Hi, my name is Ben and I’m an addict. I’ve had this problem for years, but I was never willing to admit it was an addiction until a Memorial Day bender that left my eyes bloodshot, voice hoarse —
At risk of spoiling the suspension of disbelief, I’m going to stop here to disclaim that what I’m describing is not a chemical or clinical addiction. The last thing I would want to do is trivialize substance abuse or mental illness; we all know people who are addicts, whether they seek us out as part of their recovery, work the steps anonymously, self-medicate or suffer in silence. Mine is a privileged problem, a charmed challenge; indulge the inelegant introspection in pursuit of empathy —
I’m addicted to choaching. Choaching is that intoxicating, alienating combination of cheering and coaching. Choaching is most prevalent among parents attending children’s games, meets or matches — particularly of sports they played growing up. I don’t choach Berkley Dads baseball, for example, because I don’t know the game of baseball and baseball is a silly game. Soccer though …
Choaching is both a psychological syndrome and sociological phenomenon — prone, by its very nature, to be passed down the sidelines and generations. Choaching has no diagnostic or linguistic relationship to choking, though La Croix Cough is symptomatic. Choaching not a pretty word. Choaching is not a pretty sight.
For most people, choaching is not an addictive behavior. How do I know I am a choachoholic? The same way other addicts (of, again, much more severe substances and aggravated actions) do. You can’t moderate, mitigate or manage — even as you can peer, through the fog, at the harm it does to those around you.
Game after game I would tell myself, “It’s a beautiful fall/spring day for soccer. Just ‘kick’ back and have a ‘ball’ — go ahead and cheer for your son/daughter when they score/save a goal. But don’t pace up and down the sidelines shouting instructions, projecting your voice across the field and repeating everything emphatically, like all of history’s great coaches.”
Then the soccer game starts, and I go into a choaching trance of “Clear it out of the box. Out. Of. The. Box. widewidewide, up the line, up The LINE, service service, service and find a shot, unlucky-unlucky, recover now recover!”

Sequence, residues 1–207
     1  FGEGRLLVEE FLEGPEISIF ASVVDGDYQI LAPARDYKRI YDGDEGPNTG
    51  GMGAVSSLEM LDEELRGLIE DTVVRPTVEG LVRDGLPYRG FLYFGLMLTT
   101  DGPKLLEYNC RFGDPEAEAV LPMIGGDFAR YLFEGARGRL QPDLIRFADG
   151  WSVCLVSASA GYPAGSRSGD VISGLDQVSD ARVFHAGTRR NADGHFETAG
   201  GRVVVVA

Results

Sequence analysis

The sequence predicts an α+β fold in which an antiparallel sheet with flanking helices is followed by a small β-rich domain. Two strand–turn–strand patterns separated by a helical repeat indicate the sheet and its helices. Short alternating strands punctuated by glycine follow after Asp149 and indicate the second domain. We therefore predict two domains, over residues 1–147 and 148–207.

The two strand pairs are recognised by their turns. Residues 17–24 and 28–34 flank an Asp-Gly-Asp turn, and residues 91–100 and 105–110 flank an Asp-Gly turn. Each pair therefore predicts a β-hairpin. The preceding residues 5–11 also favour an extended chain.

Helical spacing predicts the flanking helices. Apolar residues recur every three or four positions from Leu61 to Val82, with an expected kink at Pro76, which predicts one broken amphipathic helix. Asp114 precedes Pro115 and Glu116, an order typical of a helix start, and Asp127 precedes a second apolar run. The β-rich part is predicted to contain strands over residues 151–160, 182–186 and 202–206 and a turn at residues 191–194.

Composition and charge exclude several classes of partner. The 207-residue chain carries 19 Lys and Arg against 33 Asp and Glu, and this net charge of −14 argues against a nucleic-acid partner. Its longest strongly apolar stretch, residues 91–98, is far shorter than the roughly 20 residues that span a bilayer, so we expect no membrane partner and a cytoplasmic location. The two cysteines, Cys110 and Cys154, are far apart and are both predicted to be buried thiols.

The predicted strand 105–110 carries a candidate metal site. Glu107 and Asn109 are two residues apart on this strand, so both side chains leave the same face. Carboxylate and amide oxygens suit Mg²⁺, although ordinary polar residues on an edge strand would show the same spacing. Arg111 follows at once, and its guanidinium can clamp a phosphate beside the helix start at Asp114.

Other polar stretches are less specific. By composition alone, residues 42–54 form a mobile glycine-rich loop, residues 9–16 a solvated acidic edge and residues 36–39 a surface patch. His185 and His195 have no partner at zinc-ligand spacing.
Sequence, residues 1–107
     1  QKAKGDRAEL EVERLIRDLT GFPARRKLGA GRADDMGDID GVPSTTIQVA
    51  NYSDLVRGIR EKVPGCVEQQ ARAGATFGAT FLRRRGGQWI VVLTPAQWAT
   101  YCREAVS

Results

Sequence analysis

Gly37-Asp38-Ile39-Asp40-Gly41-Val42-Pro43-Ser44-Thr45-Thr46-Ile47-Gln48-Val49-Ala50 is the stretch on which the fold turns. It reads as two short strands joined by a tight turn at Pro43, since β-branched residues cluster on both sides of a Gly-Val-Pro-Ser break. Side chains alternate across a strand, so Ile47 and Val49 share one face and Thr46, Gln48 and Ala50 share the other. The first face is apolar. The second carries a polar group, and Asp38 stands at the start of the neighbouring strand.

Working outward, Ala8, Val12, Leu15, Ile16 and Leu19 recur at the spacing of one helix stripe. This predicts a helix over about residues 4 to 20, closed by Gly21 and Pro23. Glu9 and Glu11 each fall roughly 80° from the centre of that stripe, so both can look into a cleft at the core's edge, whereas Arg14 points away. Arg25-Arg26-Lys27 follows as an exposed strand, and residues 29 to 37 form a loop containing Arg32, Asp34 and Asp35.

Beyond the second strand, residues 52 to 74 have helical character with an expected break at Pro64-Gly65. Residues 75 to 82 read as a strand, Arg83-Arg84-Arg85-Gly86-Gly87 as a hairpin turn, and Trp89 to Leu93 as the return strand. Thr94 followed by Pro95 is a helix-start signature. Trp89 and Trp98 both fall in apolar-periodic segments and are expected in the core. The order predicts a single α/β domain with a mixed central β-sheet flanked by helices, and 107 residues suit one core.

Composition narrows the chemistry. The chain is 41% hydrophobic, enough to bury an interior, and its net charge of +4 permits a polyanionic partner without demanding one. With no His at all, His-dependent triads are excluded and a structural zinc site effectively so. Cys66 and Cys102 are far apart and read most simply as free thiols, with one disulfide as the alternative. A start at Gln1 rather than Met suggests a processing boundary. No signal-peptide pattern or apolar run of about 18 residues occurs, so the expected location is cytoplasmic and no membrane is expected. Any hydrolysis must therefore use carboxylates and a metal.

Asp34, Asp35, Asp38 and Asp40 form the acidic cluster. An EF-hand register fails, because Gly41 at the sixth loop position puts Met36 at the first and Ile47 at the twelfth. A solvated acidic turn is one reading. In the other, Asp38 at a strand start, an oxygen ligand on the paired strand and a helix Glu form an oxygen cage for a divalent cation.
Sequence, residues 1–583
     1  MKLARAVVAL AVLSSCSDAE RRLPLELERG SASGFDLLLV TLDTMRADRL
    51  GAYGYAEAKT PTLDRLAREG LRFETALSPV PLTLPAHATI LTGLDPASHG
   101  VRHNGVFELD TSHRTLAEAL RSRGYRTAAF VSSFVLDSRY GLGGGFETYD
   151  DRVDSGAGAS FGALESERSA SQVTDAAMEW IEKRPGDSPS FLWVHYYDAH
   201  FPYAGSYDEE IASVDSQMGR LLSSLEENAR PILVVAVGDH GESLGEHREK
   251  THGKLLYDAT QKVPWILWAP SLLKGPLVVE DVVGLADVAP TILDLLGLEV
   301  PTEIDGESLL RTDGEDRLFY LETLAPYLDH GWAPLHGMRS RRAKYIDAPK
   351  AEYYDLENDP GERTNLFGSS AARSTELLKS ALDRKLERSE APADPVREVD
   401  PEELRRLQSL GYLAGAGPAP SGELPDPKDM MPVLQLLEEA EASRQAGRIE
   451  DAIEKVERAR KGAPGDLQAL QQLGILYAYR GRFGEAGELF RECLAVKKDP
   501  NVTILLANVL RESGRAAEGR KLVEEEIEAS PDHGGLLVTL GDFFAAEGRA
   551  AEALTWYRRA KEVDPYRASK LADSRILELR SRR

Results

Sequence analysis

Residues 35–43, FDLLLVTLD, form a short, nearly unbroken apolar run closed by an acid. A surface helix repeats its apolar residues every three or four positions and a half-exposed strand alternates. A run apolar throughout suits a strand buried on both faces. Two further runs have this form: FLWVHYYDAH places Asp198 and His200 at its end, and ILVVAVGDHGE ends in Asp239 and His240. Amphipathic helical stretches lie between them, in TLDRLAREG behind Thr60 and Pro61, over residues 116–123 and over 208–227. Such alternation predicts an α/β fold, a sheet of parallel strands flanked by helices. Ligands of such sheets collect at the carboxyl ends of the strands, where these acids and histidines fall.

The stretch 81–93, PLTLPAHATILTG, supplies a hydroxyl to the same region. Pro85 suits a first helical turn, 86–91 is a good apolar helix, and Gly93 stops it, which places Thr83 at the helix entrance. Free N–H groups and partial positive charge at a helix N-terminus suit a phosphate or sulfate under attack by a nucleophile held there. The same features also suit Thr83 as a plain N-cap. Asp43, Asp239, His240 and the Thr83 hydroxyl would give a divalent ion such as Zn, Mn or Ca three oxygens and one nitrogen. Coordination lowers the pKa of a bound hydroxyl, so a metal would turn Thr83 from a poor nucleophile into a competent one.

At the Canton Cup (“Spoiling your Memorial Day weekend plans since 1982!”), my choaching spiraled. One ref threatened to give me a yellow card and kick out our coach because I was so thorough in explaining to him the error of his ways and suggesting he may be dehydrated or otherwise disoriented. But after three hard-fought games in the punishing heat amidst so many McMansions, we (they) made the championship game.
My in-laws drove back from Traverse City, arriving just minutes into the game, at which point my wife called me from a designated parking area somewhere between the field and Ikea to let me know she could hear me shouting from there. Then, after a questionable overtime handball call, I dropped an audible F-bomb whose mushroom cloud might have triggered the alarms of so many minivans.
Was this choach-rock bottom? I am blessed to have a wife who will tell me I’m being an ass without kicking me out on my ass; a son who, having long since surpassed me in what coaches and trainers technically refer to as “talent,” loves the game notwithstanding my broken promises about letting the coach coach, the ref ref and the players play; and a daughter who finds me amusing.
Sometimes the people who most need you to change are the ones who enable your destructive behavior.
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